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Dollar Tops As Precious Metals Bottom


There's more to seasonality than summer doldrums.

This has surely been an exciting week for gold and silver investors. The post-Halloween rally, which I mentioned in a previous Premium Update, took metals and corresponding stocks substantially higher and gold itself reached new highs -- at least in nominal terms.

The mainstream media are now reporting gold-related stories on a big scale -- recently, "gold prices" was the second-most searched phrase on Yahoo's finance page.

The contrarians among us might be concerned about this fact, as we all know what happens when everyone gets on the same side of the boat. However, gold did recently break above $1,000, and also verified it, so the excitement now is quite natural. In other words, there's no divergence that would indicate that a top is in.

On the other hand, I'm still receiving e-mails from readers who suggest that gold doesn't have to go up, that it's too high, etc. This is encouraging because it means a certain amount of investors are still out of the market, and can get in, thus fueling further gains.

The divergence that I'm referring to would take place if we were getting close to serious resistance levels after a huge rally without any breather whatsoever, and still everyone and their brother would be bullish on gold. This is what I prefer to see, as a confirmation, when timing tops. That was the case before the February 2009 top.

If you've been reading the news and following my essays, you know that the International Monetary Fund (IMF) announced in September that it would sell 403 tons to finance loans to developing nations. It was a foregone conclusion that the IMF would sell the entire amount to central banks rather than flood the open market.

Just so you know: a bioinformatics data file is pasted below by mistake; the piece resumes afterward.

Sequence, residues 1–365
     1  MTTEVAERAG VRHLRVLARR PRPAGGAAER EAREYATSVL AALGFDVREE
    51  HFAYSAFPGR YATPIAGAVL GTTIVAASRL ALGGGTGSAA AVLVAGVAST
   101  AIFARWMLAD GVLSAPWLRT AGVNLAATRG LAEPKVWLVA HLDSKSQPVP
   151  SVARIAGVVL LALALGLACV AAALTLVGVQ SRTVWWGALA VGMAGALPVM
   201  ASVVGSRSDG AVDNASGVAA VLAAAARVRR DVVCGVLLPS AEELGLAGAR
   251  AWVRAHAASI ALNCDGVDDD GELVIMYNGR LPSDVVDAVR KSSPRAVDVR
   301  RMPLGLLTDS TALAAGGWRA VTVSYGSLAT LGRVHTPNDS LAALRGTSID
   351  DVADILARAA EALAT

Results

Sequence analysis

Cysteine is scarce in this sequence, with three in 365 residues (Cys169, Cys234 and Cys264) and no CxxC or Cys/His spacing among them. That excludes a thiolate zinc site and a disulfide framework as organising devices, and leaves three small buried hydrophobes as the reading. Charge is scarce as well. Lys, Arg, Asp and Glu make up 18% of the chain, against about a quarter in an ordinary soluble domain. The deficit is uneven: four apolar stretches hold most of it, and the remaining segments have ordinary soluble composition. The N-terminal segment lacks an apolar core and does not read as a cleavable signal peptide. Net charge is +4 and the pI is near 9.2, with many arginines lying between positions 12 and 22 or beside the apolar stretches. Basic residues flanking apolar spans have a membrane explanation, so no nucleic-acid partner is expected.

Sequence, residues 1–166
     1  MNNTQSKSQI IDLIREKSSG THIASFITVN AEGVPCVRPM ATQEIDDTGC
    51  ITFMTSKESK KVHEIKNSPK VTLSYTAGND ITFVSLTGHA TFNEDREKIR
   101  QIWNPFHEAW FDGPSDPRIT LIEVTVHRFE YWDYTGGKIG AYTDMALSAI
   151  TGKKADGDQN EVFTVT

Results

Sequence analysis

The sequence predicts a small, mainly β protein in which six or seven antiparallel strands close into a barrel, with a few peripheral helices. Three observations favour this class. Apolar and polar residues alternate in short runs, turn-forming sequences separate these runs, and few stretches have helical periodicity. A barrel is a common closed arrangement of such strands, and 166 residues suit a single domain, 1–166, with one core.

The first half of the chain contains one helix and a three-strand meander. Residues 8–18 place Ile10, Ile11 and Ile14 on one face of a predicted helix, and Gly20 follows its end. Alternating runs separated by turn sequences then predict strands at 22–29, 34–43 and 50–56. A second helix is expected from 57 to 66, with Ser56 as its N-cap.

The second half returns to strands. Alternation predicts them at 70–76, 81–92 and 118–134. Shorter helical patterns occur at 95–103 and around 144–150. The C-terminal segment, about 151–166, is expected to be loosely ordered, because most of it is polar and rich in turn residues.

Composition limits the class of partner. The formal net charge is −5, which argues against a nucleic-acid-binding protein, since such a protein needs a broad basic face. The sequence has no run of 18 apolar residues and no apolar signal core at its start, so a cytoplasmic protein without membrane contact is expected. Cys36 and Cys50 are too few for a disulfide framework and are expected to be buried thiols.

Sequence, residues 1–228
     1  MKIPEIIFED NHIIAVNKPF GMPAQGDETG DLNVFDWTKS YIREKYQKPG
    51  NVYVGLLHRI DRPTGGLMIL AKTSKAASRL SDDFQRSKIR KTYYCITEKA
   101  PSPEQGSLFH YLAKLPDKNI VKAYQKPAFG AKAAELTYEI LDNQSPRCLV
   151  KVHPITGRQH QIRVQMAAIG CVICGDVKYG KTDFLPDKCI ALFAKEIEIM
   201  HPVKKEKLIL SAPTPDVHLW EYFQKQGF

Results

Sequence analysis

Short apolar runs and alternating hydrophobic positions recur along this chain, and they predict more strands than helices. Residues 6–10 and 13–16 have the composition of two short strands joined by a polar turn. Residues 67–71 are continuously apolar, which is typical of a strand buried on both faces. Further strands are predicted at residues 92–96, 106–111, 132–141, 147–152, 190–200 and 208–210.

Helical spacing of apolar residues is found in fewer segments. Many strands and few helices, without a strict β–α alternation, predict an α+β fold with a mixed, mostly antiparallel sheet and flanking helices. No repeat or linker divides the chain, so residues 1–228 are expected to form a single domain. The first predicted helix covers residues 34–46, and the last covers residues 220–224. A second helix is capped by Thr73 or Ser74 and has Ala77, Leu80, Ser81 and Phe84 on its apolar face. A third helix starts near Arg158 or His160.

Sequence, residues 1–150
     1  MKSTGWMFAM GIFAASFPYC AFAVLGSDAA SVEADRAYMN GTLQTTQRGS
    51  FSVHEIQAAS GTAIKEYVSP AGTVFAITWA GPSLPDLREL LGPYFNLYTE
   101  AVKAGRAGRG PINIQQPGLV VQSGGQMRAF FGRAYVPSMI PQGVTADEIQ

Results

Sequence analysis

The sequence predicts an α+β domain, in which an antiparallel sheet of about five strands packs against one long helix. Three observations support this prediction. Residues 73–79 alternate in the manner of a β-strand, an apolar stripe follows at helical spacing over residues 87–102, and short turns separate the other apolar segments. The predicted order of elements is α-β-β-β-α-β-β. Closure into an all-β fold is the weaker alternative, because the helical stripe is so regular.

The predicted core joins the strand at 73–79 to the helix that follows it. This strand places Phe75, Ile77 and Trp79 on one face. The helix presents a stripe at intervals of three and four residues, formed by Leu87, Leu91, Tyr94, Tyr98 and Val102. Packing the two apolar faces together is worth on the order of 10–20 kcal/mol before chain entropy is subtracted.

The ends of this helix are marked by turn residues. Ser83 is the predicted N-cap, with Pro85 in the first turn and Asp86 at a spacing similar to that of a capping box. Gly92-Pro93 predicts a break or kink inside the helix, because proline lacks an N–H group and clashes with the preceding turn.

Central banks themselves are no longer selling gold. Rather, they're holding on to their gold reserves as the value of fiat currencies decline. In some cases they're increasing their holdings as countries like China, with large holdings of US dollar assets, are worried about the declining value of the US dollar.

Therefore, we have another signal that the fundamental situation remains favorable. Still, it's not fundamental factors that drive markets in the short- and medium-term -- emotions do. This is why we need to turn to charts and their analysis for more details as to what the next several weeks and months may bring us.

Let's begin with the US dollar.


The medium-term chart confirms that the "breakout" has been barely visible, and that it isn't a significant development -- at least not yet.
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No positions in stocks mentioned.
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